BC Liberals closed more long-term care beds than they opened

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The B.C. Liberal government failed to live up to its promise to build 5,000 new, non-profit long-term care beds, according to a new study released today by the Canadian Centre for Policy Alternatives (CCPA).

Despite the fact that the government claimed to have met its target last year (two years later than they had originally promised), health authorities’ numbers obtained by CCPA show that B.C. actually lost more than 800 long-term residential care beds between 2001 and 2008.

As a result, B.C. now has the second worst access to residential care in the country, after New Brunswick.

And the number of individuals who die in residential care increased 60 per cent between 2001 and 2006. That’s because access to limited beds is often restricted to those in very poor health and with more complex care needs.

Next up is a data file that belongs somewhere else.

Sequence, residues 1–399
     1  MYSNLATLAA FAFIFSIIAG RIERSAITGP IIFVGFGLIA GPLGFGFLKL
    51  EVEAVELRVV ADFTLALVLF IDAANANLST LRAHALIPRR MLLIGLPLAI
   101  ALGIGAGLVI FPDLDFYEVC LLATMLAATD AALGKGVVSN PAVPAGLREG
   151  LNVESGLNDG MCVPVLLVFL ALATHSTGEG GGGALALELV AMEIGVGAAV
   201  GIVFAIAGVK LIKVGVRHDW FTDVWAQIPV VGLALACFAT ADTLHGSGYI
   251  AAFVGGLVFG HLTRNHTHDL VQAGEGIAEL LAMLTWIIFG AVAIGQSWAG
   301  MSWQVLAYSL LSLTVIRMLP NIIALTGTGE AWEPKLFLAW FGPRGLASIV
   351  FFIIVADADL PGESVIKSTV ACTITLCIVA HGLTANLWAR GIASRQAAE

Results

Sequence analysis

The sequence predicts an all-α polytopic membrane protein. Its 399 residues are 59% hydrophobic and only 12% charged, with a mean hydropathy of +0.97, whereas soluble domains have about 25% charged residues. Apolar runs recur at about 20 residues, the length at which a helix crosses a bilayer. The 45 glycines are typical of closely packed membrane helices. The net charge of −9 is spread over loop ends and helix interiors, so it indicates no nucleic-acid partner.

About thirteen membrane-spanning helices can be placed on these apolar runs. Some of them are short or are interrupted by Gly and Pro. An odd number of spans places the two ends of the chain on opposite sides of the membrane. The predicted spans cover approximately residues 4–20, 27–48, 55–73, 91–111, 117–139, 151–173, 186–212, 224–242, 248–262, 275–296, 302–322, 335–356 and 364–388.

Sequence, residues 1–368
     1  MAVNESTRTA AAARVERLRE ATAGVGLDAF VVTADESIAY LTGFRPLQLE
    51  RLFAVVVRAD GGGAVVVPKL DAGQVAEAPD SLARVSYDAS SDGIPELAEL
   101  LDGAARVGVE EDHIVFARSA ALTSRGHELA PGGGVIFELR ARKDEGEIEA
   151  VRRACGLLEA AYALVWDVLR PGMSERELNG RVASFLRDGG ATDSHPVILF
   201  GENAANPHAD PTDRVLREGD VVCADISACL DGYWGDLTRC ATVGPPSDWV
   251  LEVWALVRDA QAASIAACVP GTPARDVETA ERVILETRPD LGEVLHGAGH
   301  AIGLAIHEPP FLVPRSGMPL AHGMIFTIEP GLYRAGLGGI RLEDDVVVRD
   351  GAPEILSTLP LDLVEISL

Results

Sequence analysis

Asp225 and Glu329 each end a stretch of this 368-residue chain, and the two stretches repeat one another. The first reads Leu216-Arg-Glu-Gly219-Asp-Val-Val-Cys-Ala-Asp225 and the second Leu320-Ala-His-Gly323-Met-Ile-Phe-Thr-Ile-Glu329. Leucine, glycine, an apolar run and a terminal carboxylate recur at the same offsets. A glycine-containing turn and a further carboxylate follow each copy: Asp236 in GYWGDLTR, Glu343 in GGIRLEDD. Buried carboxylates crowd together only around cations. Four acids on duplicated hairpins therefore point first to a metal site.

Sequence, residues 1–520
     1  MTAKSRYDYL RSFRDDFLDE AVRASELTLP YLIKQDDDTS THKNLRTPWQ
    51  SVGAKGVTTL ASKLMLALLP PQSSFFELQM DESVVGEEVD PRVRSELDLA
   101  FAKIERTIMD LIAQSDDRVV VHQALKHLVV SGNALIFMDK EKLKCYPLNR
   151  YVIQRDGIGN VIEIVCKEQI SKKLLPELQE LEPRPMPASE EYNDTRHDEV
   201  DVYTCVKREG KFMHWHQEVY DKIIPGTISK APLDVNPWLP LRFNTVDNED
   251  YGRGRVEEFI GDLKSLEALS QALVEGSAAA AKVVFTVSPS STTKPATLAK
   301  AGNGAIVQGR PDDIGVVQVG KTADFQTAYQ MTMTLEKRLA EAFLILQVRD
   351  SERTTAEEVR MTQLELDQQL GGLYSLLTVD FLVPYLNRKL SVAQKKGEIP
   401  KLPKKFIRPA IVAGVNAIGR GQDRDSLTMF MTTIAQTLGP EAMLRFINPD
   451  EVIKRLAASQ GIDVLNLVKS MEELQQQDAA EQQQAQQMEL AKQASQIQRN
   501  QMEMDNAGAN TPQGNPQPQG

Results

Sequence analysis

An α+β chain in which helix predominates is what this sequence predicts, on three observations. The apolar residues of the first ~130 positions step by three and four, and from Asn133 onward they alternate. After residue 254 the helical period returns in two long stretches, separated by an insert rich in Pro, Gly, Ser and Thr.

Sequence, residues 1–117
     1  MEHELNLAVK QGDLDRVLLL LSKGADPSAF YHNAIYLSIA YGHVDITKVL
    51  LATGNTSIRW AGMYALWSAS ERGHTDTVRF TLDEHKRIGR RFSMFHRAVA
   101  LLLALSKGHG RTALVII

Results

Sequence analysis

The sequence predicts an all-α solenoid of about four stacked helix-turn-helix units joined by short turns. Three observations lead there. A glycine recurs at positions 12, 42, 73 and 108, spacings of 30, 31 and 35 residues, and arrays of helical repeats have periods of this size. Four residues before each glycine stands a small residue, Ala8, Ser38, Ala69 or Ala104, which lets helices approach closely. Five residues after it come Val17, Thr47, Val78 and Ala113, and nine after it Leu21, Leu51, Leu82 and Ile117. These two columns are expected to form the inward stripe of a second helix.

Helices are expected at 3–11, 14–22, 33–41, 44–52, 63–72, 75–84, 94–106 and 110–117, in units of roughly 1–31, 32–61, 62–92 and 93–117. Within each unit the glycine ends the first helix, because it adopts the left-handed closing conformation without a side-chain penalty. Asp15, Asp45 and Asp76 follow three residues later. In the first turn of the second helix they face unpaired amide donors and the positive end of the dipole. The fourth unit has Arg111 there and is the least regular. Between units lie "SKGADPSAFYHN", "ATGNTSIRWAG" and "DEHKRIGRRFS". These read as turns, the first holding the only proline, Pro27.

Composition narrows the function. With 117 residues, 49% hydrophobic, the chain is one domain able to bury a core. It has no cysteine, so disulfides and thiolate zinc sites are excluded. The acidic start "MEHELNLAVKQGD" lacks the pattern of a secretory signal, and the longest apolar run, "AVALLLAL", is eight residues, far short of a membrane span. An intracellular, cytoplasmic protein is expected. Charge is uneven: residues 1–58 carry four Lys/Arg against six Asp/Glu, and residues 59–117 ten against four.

HEU secretary-business manager Judy Darcy says HEU members who work with seniors won’t be surprised by the numbers.

“The BC Liberals’ cuts to long-term care are having a direct impact on the ability of our members to deliver good care,” says Darcy.

“A lack of beds means that residents are more frail and their needs are more complex than ever – but staffing levels haven’t kept up.

“The long-term care bed shortage also puts additional pressure on our hospitals where seniors often find themselves in a holding pattern, waiting for placement in a more appropriate care setting.”

The CCPA study, An Uncertain Future for Seniors: B.C.’s Restructuring of Home and Community Health Care 2001-2008, points out that the BC Liberals padded the numbers on their promise to provide 5,000 long-term care spaces by including assisted living units, supportive housing and a number of other forms of housing that involve little or no care.

“It’s important to set the record straight on bed numbers, but the government’s failure to deliver on its 5,000-bed promise is just a symptom of deeper problems,” says Marcy Cohen, study co-author, CCPA research associate, and research director at the Hospital Employees’ Union.

Read the full report – which includes a regional breakdown of the impact of bed cuts.